Improvements are aimed for Groveville Road in Bordentown Township after it was recently announced that the municipality received grant monies for roadway resurfacing.
Bordentown Township officials released a Dec. 9 announcement that the municipality was awarded a grant from the New Jersey Department of Transportation (DOT) for a resurface project on Groveville Road. The DOT grant money totaled $244,000.
“We are proud to receive this grant from DOT,” Bordentown Township Mayor Stephen Benowitz said in a statement. “Thanks to the diligence and hard work of our professionals and staff – specifically Bordentown Township Engineer Fred Turek – the township has taken advantage of significant grant funding from the state to help improve our roadways.”
Township officials said that the grant is intended to cover the re-paving and striping of Groveville Road from Route 206 to Route 130 and the installment of new pedestrian crosswalks. One crosswalk will be slotted at the entrance to Northern Community Park, and the other crosswalk is planned at the intersection of Klein Drive and Groveville Road, according to officials.
The crosswalk at Klein Drive and Groveville Road will be lit and have crossway signals/flashing beacons installed as a measure of pedestrian safety for township residents and visitors, officials said. The Northern Community Park crosswalk construction will include striping, paining and the installment of ramps, according to officials.
The aimed improvements for the crosswalks at these sites come as part of a large-scale pedestrian safety initiative the township enacted in October last year. In an effort to stymie potential accidents involving pedestrians along Route 130 in the township, the Bordentown Township and City police departments teamed up along with the municipalities and state officials to increase awareness and education for pedestrian safety as part of a “Street Smart NJ” campaign.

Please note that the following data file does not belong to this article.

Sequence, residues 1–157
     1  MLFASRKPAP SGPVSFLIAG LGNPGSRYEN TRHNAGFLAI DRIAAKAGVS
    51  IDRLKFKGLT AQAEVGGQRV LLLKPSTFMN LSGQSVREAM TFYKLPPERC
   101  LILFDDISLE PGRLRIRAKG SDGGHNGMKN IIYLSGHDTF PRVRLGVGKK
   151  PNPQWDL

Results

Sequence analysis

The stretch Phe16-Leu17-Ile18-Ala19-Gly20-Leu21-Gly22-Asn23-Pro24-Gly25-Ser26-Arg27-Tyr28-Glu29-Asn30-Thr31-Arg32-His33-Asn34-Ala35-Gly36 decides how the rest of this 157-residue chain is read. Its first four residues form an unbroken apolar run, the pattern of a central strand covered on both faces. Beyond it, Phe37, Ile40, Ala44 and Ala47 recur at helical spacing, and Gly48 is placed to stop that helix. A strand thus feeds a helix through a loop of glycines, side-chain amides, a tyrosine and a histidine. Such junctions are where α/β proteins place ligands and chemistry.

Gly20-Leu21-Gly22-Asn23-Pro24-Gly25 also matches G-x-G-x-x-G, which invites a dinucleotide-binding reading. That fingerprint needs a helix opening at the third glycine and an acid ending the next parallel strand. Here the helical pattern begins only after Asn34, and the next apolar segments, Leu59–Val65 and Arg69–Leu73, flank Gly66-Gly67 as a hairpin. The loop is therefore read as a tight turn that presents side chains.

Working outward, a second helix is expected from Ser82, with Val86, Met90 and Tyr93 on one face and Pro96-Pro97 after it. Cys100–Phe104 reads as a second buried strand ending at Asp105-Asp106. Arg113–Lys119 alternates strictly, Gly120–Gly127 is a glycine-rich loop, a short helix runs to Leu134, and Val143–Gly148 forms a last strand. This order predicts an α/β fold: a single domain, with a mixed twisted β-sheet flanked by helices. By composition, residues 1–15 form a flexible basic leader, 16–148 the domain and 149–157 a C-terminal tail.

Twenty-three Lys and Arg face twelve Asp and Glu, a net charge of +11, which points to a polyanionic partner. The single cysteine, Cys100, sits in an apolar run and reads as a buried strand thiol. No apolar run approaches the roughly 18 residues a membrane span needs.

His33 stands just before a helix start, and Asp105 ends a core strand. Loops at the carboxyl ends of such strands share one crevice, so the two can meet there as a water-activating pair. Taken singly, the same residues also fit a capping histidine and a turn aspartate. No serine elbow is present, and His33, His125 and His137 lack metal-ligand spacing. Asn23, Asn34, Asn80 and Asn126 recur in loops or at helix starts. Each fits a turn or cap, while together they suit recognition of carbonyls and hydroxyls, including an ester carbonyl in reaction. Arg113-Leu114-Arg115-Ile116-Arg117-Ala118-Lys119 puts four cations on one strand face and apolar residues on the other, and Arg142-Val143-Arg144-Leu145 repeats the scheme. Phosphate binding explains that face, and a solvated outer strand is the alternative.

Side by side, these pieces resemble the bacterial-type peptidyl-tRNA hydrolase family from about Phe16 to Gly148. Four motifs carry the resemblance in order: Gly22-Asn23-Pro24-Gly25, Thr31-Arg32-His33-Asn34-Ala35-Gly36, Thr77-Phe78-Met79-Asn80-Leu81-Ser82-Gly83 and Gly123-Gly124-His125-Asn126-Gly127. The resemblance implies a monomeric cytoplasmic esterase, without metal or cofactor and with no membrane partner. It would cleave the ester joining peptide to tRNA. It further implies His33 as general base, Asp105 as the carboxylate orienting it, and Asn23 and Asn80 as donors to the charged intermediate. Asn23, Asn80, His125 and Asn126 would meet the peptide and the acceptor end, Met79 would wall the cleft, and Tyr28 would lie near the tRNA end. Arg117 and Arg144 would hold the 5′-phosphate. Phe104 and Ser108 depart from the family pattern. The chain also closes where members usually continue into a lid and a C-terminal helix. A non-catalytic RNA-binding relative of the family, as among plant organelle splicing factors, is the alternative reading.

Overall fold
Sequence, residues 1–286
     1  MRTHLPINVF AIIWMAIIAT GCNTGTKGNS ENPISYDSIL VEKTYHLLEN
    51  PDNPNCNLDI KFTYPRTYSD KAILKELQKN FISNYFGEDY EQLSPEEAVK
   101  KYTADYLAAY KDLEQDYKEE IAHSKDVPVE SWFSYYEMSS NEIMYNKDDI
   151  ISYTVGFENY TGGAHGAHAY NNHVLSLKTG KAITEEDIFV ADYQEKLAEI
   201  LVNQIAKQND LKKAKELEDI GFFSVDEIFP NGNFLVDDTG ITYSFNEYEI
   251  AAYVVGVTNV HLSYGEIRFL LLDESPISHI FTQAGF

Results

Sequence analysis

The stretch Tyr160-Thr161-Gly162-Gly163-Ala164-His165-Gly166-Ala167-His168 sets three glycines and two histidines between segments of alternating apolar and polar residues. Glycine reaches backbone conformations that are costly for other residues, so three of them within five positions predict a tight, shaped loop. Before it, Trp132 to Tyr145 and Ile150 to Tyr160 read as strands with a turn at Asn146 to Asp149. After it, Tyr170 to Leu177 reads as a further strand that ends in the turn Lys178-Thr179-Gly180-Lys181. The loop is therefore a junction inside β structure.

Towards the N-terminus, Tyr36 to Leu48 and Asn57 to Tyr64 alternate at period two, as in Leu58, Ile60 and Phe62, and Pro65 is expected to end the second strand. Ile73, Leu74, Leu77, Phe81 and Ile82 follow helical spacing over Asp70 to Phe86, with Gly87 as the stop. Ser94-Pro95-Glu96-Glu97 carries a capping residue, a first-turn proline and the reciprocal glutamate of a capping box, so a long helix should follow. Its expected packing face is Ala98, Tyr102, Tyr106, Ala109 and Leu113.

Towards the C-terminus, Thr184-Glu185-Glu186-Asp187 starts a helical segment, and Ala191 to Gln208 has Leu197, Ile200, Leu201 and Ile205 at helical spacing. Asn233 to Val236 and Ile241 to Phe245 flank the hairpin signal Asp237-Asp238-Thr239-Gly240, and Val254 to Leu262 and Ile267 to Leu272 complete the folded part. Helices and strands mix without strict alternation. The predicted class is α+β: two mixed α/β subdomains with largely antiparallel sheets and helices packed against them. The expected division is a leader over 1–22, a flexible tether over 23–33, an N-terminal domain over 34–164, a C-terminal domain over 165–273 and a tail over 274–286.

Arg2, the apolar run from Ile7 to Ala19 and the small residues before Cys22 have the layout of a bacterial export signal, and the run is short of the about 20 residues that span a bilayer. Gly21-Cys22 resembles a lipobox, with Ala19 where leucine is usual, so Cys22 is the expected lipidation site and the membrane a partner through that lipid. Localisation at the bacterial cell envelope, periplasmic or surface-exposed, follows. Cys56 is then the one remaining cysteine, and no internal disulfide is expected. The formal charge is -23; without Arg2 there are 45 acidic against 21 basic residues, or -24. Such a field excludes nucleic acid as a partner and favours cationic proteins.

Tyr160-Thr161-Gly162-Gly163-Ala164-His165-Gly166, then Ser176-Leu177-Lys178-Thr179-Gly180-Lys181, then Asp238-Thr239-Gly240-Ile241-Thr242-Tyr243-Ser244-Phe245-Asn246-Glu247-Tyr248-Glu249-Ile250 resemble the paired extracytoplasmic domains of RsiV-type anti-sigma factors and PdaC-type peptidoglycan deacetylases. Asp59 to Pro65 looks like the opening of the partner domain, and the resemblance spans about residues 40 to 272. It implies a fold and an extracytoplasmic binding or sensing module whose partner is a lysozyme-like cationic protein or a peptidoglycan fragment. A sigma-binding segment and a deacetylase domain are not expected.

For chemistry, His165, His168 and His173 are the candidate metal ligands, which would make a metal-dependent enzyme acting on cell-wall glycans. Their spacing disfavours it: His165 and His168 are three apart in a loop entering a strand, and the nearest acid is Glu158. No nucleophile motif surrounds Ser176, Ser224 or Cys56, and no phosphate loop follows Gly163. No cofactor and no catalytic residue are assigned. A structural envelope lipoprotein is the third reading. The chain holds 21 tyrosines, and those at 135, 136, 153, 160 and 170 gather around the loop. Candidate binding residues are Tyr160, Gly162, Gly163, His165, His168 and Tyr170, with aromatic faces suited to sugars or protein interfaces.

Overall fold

Known to many as “the most dangerous New Jersey road for pedestrians,” officials said Route 130 was a major reason for the pedestrian safety campaign. The state-wide outreach program was intended to educate both pedestrians and motorists to “Check Your Vital Signs” to improve road safety.
Motorists were advised to obey the speed limit and stop for pedestrians in crosswalks. Pedestrians, in turn, are told to use crosswalks and wait for the walk-signal where applicable. A new “Heads Up, Phone Down” message has been implemented as well to combat distracted driving and walking.
Funding for the initiative came from a $12,000 Pedestrian Safety and Education Grant from the state Division of Highway Traffic Safety. Along with additional signage, the township police conducted pedestrian safety enforcement operations at problem crosswalk and intersection areas. The department also partnered with Cross County Connection to assist with education, outreach and campaign materials, and identifying areas where pedestrian crosswalks and signs should be installed.
Additionally, educational pedestrian safety assemblies were scheduled throughout the campaign at Bordentown Middle School and the Bordentown Township Senior Center. The police also partnered with all 12 area hotel owners, who agreed to display pedestrian safety posters and distribute pedestrian safety handouts to all their guests upon check-in.
For the past two years, officials said the township received approximately $1 million in DOT grants, which have been allocated toward projects such as the re-paving of Dunns Mill Road and Ward Avenue, the construction of a new bike path, and other township improvement projects.
Township officials announced on May 10 that the municipality was awarded a $252,000 grant from the DOT for road surfacing work on Ward Avenue, and the township committee also approved engineering services for the road at a June 24 committee meeting in addition to the grant.
Officials said the grant for the Ward Avenue road improvements received in May in addition to an earlier grant the municipality had applied for totaled approximately $500,000 for the project.
Given the influx of pedestrian traffic along Ward Avenue, municipal officials said they were committed to “making sure the road is equipped with safety measures once project is complete.”
Since Bordentown Regional High School and Peter Muschal School are located on Ward Avenue, municipal officials explained that they felt it was necessary to do more than repaving along the road. Officials said the project is planned to include road resurfacing and pedestrian safety measures such as crosswalks and sidewalks in the area of the schools as well.
Officials said the Groveville Road resurfacing project has an aimed completion date for the winter of 2020.